Anton Colella: Time to solve the skills gap

anton-colella-london
Anton Colella By Anton Colella, ICAS CEO

4 September 2015

Anton Colella discusses the biggest risk facing British business – and why a new approach is needed to solve it.

There's an elephant in the boardroom.

According to a survey of the Finance Directors of many of the UK's largest companies, it casts a greater shadow than China, Brexit, or the hacking horrors of cyber-attacks.

It's the new number one at the top of Britain's risk registers: The difficulty of recruiting the right people with the right skills to grow our economy.

The skills gap has been a frequent complaint from the boardroom for years. But the evidence from the nation's FDs is that it has now become critical.

It is not just a problem in construction and manufacturing and technology, but is also a red flag across every sector.

What lies behind this worrying and rapid development?

First and foremost, the speed of change in business is faster than ever. Quite simply, our education system is struggling to keep pace.

The skills gap is a global phenomenon. Ask any board director in Asia, any recruitment consultant in Sydney or any C-suite executive in the States.

In only 18 months, the smartphone leap-frogged the laptop as the most popular device for consumers.

In 18 hours, volatility in the Chinese stock market rocked the global economy.

Yet our schools, colleges and universities adapt at a pace that looks increasingly glacial, compared with this rapidly changing world.

Many young people are still learning French, when business wants Mandarin.

They are being taught to pen essays, when business craves the craft of digital writing.

They are all taught to read and write, but they are not all taught to write software code.

'Business and education must work together'

Globalisation and changing technologies are driving the need for the quickest corporate transformations since the industrial revolution.

Against this backdrop, Britain is sending more young people to university than at any time in our history, yet we are experiencing our greatest shortage of the right skilled labour.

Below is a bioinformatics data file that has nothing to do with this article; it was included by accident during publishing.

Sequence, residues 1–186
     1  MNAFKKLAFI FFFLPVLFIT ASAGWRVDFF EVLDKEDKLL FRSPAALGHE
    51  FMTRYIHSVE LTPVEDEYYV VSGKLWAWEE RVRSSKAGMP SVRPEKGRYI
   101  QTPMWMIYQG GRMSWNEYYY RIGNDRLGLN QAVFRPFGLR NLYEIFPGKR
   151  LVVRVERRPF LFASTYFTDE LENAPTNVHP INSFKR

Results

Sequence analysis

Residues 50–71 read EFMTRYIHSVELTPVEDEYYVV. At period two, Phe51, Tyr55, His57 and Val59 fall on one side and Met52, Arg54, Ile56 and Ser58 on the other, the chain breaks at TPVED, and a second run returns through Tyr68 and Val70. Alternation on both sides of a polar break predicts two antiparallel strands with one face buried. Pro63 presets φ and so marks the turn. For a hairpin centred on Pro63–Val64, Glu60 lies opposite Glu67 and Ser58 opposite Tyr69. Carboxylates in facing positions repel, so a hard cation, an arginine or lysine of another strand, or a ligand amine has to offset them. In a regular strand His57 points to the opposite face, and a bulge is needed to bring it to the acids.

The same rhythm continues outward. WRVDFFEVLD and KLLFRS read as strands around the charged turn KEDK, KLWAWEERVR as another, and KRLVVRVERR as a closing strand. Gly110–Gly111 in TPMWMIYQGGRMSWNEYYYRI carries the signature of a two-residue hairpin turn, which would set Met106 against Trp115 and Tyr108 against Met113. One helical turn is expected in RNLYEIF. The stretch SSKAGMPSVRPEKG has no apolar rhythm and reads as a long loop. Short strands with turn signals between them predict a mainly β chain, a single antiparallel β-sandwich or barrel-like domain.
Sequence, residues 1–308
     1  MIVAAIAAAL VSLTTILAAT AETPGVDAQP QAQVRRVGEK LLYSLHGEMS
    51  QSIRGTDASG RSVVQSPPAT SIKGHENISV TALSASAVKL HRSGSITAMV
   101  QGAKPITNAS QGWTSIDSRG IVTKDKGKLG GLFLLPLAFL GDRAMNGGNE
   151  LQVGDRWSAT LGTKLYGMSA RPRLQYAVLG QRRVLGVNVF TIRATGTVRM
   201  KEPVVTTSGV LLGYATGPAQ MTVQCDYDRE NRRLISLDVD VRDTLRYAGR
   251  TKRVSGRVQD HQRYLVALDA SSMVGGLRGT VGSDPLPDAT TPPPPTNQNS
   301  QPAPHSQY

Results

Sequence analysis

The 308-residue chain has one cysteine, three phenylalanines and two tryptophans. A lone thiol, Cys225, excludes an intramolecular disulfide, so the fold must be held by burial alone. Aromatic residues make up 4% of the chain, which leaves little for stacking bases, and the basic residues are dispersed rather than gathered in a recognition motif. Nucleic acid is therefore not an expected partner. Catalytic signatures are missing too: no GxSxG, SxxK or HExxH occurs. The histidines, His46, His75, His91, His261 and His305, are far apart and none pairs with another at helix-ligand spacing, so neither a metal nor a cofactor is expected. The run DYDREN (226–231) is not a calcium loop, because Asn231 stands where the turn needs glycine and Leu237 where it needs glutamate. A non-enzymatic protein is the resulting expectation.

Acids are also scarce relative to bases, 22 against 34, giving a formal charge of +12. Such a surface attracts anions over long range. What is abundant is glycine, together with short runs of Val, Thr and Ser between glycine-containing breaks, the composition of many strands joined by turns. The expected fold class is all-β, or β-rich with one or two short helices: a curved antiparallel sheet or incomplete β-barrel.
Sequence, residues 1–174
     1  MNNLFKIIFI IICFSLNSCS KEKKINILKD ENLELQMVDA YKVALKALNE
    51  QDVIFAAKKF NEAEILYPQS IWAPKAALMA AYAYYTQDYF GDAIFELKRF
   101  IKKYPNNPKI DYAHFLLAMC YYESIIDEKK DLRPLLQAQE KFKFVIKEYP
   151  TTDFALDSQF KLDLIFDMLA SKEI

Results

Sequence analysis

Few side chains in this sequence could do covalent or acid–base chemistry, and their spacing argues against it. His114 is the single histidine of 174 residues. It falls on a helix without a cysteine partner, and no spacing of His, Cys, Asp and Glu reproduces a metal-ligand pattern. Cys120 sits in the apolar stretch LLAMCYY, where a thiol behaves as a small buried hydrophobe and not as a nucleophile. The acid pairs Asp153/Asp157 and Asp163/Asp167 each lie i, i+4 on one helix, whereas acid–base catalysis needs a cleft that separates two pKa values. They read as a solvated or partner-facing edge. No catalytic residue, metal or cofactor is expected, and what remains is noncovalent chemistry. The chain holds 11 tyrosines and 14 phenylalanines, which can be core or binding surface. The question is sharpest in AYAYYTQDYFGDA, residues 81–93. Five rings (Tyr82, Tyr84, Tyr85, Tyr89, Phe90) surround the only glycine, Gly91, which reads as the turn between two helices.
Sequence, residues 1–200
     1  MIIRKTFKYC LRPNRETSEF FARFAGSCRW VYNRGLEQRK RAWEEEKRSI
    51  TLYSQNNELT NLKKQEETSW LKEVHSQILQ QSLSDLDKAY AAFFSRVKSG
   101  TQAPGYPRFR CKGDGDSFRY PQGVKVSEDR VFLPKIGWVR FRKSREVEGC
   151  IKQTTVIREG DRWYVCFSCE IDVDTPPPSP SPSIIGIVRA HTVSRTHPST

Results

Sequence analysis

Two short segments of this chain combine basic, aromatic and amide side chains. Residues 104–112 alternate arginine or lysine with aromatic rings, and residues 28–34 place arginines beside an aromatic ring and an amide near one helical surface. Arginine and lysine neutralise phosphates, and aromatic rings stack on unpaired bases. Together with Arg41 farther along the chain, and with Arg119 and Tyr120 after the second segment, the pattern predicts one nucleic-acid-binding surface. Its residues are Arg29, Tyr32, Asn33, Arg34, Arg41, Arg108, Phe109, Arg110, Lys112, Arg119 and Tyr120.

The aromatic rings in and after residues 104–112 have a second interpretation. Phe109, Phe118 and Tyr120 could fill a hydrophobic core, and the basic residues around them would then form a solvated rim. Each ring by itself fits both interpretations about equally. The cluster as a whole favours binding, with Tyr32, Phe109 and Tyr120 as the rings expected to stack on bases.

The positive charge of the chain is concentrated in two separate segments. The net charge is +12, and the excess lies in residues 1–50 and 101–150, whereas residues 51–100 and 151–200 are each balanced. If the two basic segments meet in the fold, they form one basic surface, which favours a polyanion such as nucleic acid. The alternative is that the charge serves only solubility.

The skills gap is a global phenomenon. Ask any board director in Asia, any recruitment consultant in Sydney or any C-suite executive in the States.

Whoever solves this fastest will gain a global competitive advantage.

So, what should Britain do?

First of all, we require our education leaders to have an abrupt change of pace and mindset.

The conservatism of course designers needs to be challenged.

If the skills shortage is the greatest barrier to growth, boards must recognise that and invest significantly more in learning, while innovating to solve the problem.

But this must be supported by the business sector being better at articulating what we need and want.

The traditional model of three or four year university degrees needs to be adapted.

A more agile approach is required to ensure that courses, content and degrees don't become outdated so quickly.

Business needs to partner more frequently with education so that young people experience the workplace earlier, rather than being asked to adapt to an alien world once they have graduated.

Investing in innovation

The boardroom needs a shake up too.

If the skills shortage is the greatest barrier to growth, boards must recognise that and invest significantly more in learning, while innovating to solve the problem.

We need to add a new C to every C suite - the Chief Talent Officer.

This may become the most critical role in any ambitious company.

It means breaking from a traditional HR approach and focussing on 'people transformation'.

Careers should become about how many new skills and how much new expertise can be acquired in our working lives, rather than how many different jobs we do.

The businesses that do this well will become magnets for the most talented.

Our political leadership needs to play its part in driving this realignment.

The Government's target of three million apprentices is an excellent aspiration, but only part of the change that is needed.

The Chancellor and Prime Minister are currently in a political period of 'golden opportunities'.

After their election victory, they now have a window to create real, dynamic change for Britain.

Even if that means ruffling the feathers of education leaders, business bosses and anyone else caught in the crossfire.

We mustn't forget another group who must shoulder their responsibility - the workforce themselves.

The employees who will win in the workplace of 2020 are those who own their personal development - the people who hunt out the new skills they need to succeed.

Britain's so called 'entitlement generation' must not become a burden on our businesses, but instead become the new talent that will drive our economic future.

For years we have talked much and acted little on solving the skills gap.

Now education, business, government and the workforce must come together as never before to create a new momentum for the benefit of all of those who prosper from the wealth of our nation.


The New ICAS Conference

Learn the secrets of the FD and hear from some of the biggest names in business at the new ICAS Conference on 27 November 2015, with speakers including Nick Hewer, Nev Wilshire, Sir Brian Souter CA and Kirsty Dingwall CA.

Topics

  • Thought leadership
  • Political landscape

Previous Page